Realistic Prepping

My friend Lee was a survivalist. He had armor, a full tactical vest system, military-grade weapons, thousands of rounds of ammunition, a high-tech backpack, MREs, water, military-grade survival and camping gear and just about every gimmick, gadget and gee-gaw you can imagine. He spent a fortune on all of this stuff; at one point he could have fully equipped a fire-team to operate for a month. The plan was to walk to the ‘safety’ of the countryside. There were a few slight problems with all his plans however. One, that he lived in the middle of a suburb in a major metropolitan area. Two, if he fully geared up he wouldn’t have made it a hundred feet; his health and physical condition would’t have allowed it. Three, for the last several years of his life he lived with his two adult daughters and their children. While his plans, such as they were, didn’t include them there is no way he would have left them behind. Despite all of his preparations he was, fundamentally, unprepared.

Lee was a wonderful, intelligent, nice person and a great friend. I never got his obsession or how his plans could be so completely out of step with reality. Eventually I came to understand that he was a survival hobbyist, living a fantasy rather than preparing for a potential reality. As much as we loved him he was, unfortunately, ‘that guy.’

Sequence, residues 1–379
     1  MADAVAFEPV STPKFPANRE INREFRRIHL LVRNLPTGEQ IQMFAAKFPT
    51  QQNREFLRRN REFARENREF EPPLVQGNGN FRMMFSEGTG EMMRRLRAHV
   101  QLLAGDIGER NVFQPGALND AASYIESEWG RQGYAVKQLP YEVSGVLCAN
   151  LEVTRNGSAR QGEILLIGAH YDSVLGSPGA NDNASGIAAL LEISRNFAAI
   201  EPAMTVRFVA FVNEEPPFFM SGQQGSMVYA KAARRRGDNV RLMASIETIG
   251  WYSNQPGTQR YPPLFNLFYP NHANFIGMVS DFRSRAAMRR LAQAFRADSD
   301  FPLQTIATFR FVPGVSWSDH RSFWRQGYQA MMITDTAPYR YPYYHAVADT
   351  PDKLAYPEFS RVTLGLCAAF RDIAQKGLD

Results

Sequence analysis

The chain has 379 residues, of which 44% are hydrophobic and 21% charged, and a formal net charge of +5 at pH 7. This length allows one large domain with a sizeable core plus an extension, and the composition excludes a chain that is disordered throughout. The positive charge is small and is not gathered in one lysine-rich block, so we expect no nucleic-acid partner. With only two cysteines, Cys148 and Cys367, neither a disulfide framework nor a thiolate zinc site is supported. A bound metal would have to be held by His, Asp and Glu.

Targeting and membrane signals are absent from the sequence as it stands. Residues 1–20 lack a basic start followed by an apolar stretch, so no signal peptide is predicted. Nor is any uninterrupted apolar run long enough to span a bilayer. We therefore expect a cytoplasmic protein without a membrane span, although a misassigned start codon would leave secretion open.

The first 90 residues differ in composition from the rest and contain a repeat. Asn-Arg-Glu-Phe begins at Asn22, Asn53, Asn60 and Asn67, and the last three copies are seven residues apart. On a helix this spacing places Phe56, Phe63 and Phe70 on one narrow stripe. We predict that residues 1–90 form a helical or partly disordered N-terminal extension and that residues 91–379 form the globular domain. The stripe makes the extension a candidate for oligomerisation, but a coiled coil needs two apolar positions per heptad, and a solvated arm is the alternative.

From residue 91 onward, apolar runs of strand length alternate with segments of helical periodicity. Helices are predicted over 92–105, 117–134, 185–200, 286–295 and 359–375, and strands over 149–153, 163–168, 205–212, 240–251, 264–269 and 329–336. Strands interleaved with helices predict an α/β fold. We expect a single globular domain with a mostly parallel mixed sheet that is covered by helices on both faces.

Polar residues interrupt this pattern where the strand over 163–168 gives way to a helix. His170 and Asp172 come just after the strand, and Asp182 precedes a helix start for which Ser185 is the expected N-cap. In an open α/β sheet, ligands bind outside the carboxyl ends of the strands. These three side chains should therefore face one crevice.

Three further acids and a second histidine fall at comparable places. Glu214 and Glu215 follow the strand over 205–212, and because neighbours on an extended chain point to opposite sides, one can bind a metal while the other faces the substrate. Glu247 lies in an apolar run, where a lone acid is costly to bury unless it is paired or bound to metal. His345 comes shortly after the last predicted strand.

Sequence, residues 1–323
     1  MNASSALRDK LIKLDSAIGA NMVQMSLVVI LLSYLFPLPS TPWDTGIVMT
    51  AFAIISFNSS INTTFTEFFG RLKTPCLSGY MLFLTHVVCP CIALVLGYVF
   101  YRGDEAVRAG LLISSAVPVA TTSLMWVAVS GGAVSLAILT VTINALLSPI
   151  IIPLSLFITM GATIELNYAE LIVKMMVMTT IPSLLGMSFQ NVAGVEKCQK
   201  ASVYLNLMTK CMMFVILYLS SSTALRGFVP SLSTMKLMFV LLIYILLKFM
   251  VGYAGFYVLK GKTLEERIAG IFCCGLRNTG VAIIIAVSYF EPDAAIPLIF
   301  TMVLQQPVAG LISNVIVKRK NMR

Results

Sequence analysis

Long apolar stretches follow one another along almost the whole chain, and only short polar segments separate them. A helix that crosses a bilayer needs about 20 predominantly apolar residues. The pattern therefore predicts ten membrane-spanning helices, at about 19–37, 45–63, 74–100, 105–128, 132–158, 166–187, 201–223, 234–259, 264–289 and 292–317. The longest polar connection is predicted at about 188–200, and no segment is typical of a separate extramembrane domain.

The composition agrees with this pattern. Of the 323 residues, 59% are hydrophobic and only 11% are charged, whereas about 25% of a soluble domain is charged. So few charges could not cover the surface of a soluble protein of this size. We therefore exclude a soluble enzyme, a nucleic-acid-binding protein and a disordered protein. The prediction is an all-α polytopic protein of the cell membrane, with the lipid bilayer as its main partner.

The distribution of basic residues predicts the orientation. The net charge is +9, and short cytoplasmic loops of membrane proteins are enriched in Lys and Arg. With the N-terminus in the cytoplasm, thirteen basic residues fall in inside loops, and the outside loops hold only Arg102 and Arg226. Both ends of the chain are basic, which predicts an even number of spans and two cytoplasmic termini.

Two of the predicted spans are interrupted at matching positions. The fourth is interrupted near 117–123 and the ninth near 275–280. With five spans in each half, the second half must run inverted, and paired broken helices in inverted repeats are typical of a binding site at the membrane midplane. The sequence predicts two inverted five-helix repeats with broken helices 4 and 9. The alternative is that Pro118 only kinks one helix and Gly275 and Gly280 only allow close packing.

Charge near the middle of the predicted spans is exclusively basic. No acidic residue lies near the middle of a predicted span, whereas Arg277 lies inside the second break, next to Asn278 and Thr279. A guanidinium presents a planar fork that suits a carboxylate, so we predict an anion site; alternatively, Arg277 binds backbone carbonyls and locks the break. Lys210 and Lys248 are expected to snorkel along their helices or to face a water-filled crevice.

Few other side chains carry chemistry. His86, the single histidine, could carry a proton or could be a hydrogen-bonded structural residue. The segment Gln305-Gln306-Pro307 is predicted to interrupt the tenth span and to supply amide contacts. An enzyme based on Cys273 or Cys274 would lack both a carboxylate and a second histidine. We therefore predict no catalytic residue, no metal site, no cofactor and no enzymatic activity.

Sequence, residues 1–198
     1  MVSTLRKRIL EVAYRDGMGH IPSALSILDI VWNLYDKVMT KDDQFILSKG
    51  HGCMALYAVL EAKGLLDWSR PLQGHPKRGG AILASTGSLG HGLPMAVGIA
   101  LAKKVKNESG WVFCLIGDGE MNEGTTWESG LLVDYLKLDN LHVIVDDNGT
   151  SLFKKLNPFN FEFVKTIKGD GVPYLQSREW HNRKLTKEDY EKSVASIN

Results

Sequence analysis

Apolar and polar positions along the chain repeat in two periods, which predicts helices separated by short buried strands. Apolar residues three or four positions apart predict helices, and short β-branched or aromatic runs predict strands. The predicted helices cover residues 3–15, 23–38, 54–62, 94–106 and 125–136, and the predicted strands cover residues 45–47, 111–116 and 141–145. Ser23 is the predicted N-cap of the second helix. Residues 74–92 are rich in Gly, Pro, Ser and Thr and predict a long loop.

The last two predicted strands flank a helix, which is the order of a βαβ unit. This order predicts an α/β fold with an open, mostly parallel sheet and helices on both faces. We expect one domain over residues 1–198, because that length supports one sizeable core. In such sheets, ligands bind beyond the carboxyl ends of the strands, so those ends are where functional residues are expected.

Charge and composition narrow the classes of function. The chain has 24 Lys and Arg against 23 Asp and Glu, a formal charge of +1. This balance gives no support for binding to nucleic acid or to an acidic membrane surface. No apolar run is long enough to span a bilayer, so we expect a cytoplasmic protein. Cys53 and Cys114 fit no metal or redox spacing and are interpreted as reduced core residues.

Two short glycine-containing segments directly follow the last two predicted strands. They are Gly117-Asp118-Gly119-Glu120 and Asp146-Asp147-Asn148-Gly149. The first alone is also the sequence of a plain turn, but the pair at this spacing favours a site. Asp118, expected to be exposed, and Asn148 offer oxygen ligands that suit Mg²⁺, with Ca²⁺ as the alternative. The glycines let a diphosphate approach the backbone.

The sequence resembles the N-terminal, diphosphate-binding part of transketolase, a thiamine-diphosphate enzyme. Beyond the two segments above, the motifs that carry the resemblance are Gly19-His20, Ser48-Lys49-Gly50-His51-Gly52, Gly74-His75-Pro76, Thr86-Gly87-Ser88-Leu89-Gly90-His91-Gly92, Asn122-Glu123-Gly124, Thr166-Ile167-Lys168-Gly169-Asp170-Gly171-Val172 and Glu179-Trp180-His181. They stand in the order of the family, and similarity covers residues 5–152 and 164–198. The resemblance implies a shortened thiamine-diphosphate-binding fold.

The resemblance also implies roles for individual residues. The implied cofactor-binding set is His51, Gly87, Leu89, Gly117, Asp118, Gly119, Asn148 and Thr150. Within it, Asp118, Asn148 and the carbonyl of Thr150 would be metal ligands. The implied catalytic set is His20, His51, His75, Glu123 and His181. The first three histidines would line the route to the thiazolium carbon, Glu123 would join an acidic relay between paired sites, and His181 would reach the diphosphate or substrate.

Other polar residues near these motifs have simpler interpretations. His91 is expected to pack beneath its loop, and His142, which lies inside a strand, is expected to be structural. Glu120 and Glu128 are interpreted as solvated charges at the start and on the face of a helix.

OK, we’re not all survivalists as such, but if you’re reading this chances are you’ve thought about calamity and what you’d do in a break-down of social order.  There is no one good answer of course; we all have different situations and circumstances, and different sorts of events might impact us. There are simple, sensible things one can do, and hopefully our thinking and preparations, such as they are, might give people some useful ideas.

Here in Seattle a natural disaster is probably the most likely scenario for a break-down of services. The city is on a fault-line, we could experience a Lahar from Mount Rainier, sometimes we have fairly serious storms… a natural disaster could disrupt services for days or even at the extreme weeks at a time.  In combination with social factors a general social breakdown is possible. Unlikely, but possible.

Linda and I have discussed this at some length. Where we live is far enough from downtown that it’s very likely we would survive a catastrophic event that affected the city, but we’re too deep in the urban area to flee after the fact. Also we have dogs; they are our family and they would have to be disposed of before we could move out and we don’t want to- especially for a crisis of limited duration.